French GP: How Red Bull pulled off an audacious strategy to beat Mercedes

Max Verstappen

Red Bull have learnt the lesson this time. At the French Grand Prix this weekend, The Austrian team opted for a bold two-stop strategy and it paid off when Max Verstappen breezed past Lewis Hamilton on the Mistral straight line on the penultimate lap of the race.

Jacques Villeneuve, the 1997 world champion and pundit for the French channel Canal +, was left bewildered when he saw the Dutchman pitting for a second time for fresh tyres, arguing it was not the right call since Verstappen had undercut Hamilton after the first stop (lap19). Surprisingly, the Red Bull driver switched back to medium compounds on lap 32 and embarked on a frantic hunt for first position.

Max Verstappen – Red Bull

Valtteri Bottas had one job during this race: blocking as much as he could Verstappen. However, he swiftly failed when he went wide at Chicane Nord allowing his opponent to pull alongside before completing the move at Courbe de Signes. The gap between the two title contenders rapidly dropped and Verstappen flew past a defenceless Hamilton with two laps to go to claim victory, ending Mercedes domination since the return of the French Grand Prix on the calendar in 2018.

Red Bull’s team principal Christian Horner said before the race that if his team could beat Mercedes around Paul Ricard, they could beat them anywhere. If Red Bull’s strategy proved successful last weekend, it hadn’t been the case in the inaugural race in Bahrain where Red Bull went for a second stop but Verstappen failed to pass the seven-time world champion.

In Spain, Verstappen remained on worn-out tyres while Hamilton strapped on fresh tyres to eventually catch and overtake a struggling Verstappen. Red Bull emulated Mercedes during the French Grand Prix and Verstappen now leads the driver’s championship from Hamilton and has a 12-point cushion before back-to-back races in Austria in the next two weeks.

Despite the second place in France, Hamilton didn’t seem frustrated and hailed “the great job” of his team. He said: “We did a great job today it just did not work out. I am not massively disappointed, I did the best job I could. Of course, there were things we could have done slightly better but overall they were quicker than us all weekend, it is a true reflection of the pace they have.”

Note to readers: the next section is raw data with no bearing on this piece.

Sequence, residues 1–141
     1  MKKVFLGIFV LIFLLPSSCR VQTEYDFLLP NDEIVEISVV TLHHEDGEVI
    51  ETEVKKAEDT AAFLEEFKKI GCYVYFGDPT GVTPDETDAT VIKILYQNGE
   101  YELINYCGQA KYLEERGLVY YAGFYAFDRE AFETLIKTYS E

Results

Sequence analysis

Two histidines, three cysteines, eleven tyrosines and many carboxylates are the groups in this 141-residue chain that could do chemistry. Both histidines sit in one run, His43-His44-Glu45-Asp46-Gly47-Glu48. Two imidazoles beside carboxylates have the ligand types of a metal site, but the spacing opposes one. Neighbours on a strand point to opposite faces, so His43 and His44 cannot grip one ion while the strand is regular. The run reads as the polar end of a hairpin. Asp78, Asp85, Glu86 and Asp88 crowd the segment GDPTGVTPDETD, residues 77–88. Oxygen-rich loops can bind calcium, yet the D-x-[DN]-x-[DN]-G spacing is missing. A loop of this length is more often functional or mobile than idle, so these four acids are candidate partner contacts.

Mercedes’ team principal Toto Wolff claimed Mercedes were faster than Red Bull but were outsmarted by the Austrian team. He said: “Our performance was good, I think we had the quicker car. Probably we lost the race at the stop thinking that we had enough protection against the undercut which we didn’t. From then on we were on the back foot. We got it wrong on Sunday.”

A confident Red Bull team will now head to Austria, their home race, for the Styrian Grand Prix this weekend before the Austrian Grand Prix the following weekend. Red Bull has often shone on the ultra-fast track with Verstappen winning on Austrian soil in 2018 and 2019.

The Dutchman will aim to keep the momentum going after a solid performance in France and Verstappen knows how competitive they are around the Red Bull Ring. “I’m looking forward to it, first of all, because it’s like a home Grand Prix. We’ve had good results in the past but it’s not a guarantee. We have to again set up the car well there and read the conditions well. I’m expecting it to be close again,” he said.

Sergio Pérez completed the podium, crossing the line third at the French Grand Prix, and the Mexican driver has shown he can be competitive and beat Bottas, which Verstappen’s formers teammates have failed to do in the past.

In the constructors’ championship, Red Bull are 37 points ahead of Mercedes.

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